It has been a rough month for Big Pharma. Johnson & Johnson settled several Federal cases concerning Risperdal for a whopping $2.2B after the giant unethically and illegally promoted off-label uses for its anti-psychotic drug a decade ago. Among the findings was the news that J&J may have withheld some trial data, which prosecutors tackled in part by requiring the company to sign onto certain compliance programs and trial transparency measures. Meanwhile, Astrazeneca is facing its own trial misconduct issues as the DOJ is now investigating potential data suppression or masking in the major PLATO trial for antiplatelet drug Brilinta (Ticagrelor).
Both ongoing stories come as there is a growing push for transparency in clinical trials led by groups like AllTrials and to an extent even the government through ClinicalTrials.gov and the Affordable Care Act. While the trial transparency movement seems to be growing and negative pharma publicity only potentiates that push, there are still some additional possibilities that can further the cause.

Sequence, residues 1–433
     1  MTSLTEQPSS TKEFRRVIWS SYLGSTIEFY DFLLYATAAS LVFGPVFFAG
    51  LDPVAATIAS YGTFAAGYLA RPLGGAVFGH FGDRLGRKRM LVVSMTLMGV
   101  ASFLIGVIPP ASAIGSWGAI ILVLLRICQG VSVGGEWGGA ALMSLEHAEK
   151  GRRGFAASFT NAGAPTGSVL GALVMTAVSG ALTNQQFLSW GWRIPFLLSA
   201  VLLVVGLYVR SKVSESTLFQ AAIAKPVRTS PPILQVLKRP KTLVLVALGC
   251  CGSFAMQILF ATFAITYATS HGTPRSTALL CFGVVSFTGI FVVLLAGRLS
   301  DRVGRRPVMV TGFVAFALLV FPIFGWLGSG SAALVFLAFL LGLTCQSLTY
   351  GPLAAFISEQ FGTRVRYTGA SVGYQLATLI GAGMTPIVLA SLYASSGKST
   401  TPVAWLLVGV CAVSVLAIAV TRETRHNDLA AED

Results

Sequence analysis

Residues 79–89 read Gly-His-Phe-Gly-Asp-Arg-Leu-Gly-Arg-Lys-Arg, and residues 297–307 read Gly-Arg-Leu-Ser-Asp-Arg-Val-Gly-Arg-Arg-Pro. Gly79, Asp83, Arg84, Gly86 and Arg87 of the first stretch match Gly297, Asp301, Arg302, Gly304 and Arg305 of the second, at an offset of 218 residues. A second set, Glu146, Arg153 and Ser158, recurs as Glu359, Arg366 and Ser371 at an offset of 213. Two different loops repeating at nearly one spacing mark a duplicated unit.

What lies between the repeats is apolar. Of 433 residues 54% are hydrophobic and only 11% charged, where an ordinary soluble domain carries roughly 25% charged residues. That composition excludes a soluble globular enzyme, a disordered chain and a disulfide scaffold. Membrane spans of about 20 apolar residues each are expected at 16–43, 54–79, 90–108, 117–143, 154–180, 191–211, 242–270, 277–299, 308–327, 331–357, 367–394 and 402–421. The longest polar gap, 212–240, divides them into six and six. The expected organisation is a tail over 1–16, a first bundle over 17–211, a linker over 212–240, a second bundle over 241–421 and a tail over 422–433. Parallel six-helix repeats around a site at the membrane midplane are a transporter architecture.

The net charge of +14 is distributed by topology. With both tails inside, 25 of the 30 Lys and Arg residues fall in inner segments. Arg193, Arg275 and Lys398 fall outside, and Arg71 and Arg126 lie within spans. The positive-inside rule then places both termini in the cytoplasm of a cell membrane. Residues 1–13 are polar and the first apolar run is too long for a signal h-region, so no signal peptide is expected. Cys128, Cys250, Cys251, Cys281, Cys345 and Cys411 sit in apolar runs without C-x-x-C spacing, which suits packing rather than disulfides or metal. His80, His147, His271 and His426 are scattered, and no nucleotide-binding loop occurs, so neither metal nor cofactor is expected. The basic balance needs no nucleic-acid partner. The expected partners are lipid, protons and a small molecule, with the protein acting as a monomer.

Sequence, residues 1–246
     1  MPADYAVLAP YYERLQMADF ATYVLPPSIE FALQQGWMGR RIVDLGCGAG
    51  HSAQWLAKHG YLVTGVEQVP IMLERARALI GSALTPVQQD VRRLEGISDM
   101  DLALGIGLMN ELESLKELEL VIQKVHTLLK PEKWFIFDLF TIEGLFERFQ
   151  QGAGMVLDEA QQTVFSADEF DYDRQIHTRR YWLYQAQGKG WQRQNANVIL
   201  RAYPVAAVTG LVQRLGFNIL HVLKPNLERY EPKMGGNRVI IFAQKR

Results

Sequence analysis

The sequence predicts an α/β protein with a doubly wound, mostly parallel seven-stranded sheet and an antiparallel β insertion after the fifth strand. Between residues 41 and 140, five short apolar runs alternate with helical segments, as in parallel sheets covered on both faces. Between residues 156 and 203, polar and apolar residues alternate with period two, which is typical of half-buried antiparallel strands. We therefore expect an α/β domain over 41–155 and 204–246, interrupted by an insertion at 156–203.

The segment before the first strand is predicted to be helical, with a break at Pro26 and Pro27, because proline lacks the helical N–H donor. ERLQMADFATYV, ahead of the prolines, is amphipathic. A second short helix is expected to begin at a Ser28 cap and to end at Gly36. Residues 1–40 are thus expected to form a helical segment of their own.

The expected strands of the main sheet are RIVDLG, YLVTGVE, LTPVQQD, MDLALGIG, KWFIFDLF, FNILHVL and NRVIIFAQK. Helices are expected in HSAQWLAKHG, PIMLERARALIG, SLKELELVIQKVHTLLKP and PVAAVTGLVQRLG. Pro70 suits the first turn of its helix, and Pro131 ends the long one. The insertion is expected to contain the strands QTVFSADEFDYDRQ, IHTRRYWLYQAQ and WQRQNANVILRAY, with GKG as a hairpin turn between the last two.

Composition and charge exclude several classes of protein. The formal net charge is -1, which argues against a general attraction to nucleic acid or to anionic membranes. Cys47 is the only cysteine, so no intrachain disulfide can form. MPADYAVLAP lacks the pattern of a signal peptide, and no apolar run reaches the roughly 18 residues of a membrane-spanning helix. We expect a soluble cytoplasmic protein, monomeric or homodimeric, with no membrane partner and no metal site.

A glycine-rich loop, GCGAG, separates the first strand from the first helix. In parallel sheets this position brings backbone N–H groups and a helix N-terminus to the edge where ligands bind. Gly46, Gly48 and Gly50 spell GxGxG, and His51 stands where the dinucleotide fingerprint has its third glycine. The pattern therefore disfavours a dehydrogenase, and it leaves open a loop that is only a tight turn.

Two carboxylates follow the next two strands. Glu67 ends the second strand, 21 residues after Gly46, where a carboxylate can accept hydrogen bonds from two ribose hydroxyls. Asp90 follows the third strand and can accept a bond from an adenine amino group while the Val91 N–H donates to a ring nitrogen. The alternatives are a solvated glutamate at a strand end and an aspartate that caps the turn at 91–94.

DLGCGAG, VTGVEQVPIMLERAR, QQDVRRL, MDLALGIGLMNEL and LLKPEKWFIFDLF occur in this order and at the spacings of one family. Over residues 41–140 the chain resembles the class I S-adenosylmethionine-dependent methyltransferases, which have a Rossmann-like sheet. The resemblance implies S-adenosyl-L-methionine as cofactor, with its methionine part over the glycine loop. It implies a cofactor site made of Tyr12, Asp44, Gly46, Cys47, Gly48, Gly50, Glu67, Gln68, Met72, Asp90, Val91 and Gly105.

Now this is purely speculative and there may be a good reason why it has not happened (please share if you have some insight), but payers may just be the key to the lock of getting greater clinical trial transparency. They naturally have an incentive against paying for expensive brand name drugs, especially when there are viable generic alternatives on the market or if the efficacy is not really proven. Withheld data or misleading trial conclusions actually hurt payers’ bottom lines via higher cost, lower return medications. Given the current cost-cutting climate, a change forcing manufacturers to release trial information could improve outcomes while cutting costs in both the short and long terms. Given Express Scripts’ 2014 formulary exclusion of Advair in preference of cheaper, but effective alternatives, a move making more brand name coverage (or preferred tiering) contingent on greater transparency hardly seems like a bad idea.